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Real Deal 

by Ann M. Colford


The Cookware Manufacturers' Association (CMA) wants consumers to cook at home more often. While this revelation falls into the "Well, duh," category, what is surprising is their reason. Noting the rise in rates of obesity and associated medical conditions such as diabetes, the CMA is promoting home cooking as a healthful alternative to fast food and convenience meals purchased on-the-go.


"Foods prepared at home give the consumer control over both the ingredients and the portion size," says Hugh J. Rushing, executive vice president of the CMA. "We believe that encouraging consumers to utilize healthy cooking techniques is an important tool in the battle for weight loss."


The CMA now promotes recipes on its Web site along with advice on how to use cookware to produce foods that are enjoyable and healthy at the same time. Whether you think the CMA is sincere in its concern for America's expanding girth or is using the trend as a crass and cynical marketing ploy, its member manufacturers have been working overtime to come up with an ever-increasing variety of products to choose from.


Premium clad cookware - from brands such as Calphalon and All-Clad - continues to be a brisk seller for the industry. The term "clad" refers to the process of sandwiching metals together for better conductivity. According to the CMA, clad cookware combines stainless steel with more conductive metals such as aluminum or copper to cook quickly and evenly. The trend toward stainless steel kitchen accessories has not waned, however, and cookware with exterior stainless steel finishes continues to outsell aluminum.


Recent advances in nonstick surfaces mean that consumers may now choose "commercial" or "professional" quality cookware with an easy-to-clean nonstick interior. The new surfaces are much more durable than earlier nonstick products and can withstand high heat, metal utensils and cleaning in the dishwasher. Calphalon is promoting its new "Calphalon One" line, which features the standard hard-anodized aluminum exterior and a high-tech cooking surface that releases food easily while still searing and browning evenly. All-Clad also has a nonstick variation on its stainless steel theme.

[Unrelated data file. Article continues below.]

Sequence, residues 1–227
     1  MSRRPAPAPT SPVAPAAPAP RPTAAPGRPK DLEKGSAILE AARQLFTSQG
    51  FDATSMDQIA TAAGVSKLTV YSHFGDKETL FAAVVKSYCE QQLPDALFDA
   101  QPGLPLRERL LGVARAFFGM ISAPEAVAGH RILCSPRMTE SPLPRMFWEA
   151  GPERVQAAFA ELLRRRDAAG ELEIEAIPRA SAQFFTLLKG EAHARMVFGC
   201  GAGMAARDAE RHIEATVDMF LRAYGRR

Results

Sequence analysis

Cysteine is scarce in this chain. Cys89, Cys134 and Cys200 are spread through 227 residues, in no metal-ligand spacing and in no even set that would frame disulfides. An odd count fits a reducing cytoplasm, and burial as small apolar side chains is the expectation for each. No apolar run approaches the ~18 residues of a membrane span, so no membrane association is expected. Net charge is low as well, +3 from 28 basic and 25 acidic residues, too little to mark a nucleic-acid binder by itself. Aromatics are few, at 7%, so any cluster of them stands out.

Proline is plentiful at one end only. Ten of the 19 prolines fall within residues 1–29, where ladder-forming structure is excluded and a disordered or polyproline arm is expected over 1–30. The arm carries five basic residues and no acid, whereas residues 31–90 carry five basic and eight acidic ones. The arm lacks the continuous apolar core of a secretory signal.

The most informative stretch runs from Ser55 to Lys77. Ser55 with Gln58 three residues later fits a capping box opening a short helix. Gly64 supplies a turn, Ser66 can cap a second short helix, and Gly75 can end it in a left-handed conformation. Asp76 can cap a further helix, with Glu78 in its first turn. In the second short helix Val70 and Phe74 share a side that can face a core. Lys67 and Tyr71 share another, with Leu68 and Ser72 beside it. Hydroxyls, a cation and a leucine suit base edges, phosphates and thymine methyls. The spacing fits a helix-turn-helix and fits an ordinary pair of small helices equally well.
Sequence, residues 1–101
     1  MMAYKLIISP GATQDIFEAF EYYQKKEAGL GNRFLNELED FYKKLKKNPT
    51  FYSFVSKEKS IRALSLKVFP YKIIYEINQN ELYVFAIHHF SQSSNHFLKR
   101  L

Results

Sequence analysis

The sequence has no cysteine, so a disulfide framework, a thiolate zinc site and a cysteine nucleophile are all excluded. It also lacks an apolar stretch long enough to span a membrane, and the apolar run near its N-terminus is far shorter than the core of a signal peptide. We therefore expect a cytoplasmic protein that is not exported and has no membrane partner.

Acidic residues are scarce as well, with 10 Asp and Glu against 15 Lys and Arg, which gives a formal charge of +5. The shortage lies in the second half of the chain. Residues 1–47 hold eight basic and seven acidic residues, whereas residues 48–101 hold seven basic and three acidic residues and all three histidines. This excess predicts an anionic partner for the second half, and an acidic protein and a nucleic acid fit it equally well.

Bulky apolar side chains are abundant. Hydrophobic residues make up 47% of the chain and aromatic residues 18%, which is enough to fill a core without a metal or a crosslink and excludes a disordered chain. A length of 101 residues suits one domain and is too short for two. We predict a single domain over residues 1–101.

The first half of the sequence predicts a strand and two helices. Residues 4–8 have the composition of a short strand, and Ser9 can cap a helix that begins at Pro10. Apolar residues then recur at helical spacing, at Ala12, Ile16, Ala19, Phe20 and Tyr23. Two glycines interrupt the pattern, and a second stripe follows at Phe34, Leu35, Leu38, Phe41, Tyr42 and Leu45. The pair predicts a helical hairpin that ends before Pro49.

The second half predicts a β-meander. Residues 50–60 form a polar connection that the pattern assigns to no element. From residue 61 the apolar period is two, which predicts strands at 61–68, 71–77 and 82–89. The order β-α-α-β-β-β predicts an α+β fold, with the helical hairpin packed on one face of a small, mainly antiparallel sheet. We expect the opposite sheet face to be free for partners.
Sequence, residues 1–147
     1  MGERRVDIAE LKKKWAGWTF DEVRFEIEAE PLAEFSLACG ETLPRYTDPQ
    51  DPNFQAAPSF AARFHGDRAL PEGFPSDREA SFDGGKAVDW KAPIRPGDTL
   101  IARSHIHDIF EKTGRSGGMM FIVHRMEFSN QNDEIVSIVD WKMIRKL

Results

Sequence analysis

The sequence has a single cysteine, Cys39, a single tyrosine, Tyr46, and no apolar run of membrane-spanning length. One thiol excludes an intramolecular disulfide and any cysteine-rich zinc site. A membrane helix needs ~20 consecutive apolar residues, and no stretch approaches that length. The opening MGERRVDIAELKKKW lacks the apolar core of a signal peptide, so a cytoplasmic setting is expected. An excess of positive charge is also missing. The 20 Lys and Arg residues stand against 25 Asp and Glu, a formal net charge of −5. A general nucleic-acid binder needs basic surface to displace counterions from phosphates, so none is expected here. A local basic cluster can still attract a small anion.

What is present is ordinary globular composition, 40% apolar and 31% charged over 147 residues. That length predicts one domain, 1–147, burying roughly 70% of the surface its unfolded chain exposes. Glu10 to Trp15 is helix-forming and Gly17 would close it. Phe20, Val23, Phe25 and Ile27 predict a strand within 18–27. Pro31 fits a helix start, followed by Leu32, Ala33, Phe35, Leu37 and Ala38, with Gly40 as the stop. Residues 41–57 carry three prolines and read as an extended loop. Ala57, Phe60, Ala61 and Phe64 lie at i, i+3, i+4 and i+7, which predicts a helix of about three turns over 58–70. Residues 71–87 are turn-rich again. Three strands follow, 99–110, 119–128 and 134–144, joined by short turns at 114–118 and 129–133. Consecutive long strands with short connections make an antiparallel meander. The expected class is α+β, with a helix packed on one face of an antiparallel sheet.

I'll confess to being a recent convert to the dogma of premium clad cookware, and like many recent converts, I'm still in the evangelical phase. It all started with my acquisition of a nonstick skillet from Calphalon a couple of years ago. This skillet heated more evenly than anything I had used before. Saut & eacute;s were a breeze, deglazing happened just the way it was supposed to, and after cooking, the pan cleaned up in a flash. Next came a two-quart saucepan and then a large everyday pan that can double as a Dutch oven. Now I'm hooked. These are my favorite pans, the ones that get the most use in my kitchen.


The only downside to Calphalon and the other premium brands is the price. The suggested retail prices on these puppies could make one seriously consider a consumer loan. Rather than paying full retail, the best bet is to keep your eyes open for sales and close-outs.


The most colorful additions to the wider world of kitchen products are all the new items being made from silicone rubber. The kitchen applications of silicone that began with the Silpat baking sheet liner now include spatulas, whisks and all manner of bakeware, mostly from French companies.


The silicone baking pans - more precisely termed baking molds - come in a multitude of shapes and a rainbow of bright colors, although red seems to be most popular. Want a mold for making madeleines? You got it. How about a Bundt pan? Check. Muffin cups and decorator cake pans? Yep, they've got 'em.


All silicone bakeware withstands temperatures from below zero up to about 500 degrees Fahrenheit, although it will melt if it comes in direct contact with a heating element. The bakeware remains flexible, allowing the cook to pop the baked goods out of their molds; there's no need to grease the pan or struggle to get the last muffin out. The stickiest foods slide right off the slick surface, easing cleanup. And when you're done, you can just roll up the mold for storage.


Again, the downside is price. A silicone muffin pan costs two to four times as much as a good quality metal pan. Although manufacturers claim the silicone pans are good for up to 5,000 uses, it'll be a long time before a 2004 silicone muffin pan has the same longevity record as my favorite metal muffin tin, which has 1943 stamped proudly in its surface.


As always, the prestige of having the newest product will take a serious bite out of the household budget. Perhaps the CMA is actually trying to lighten up Americans by thinning our wallets.





Publication date: 02/12/04

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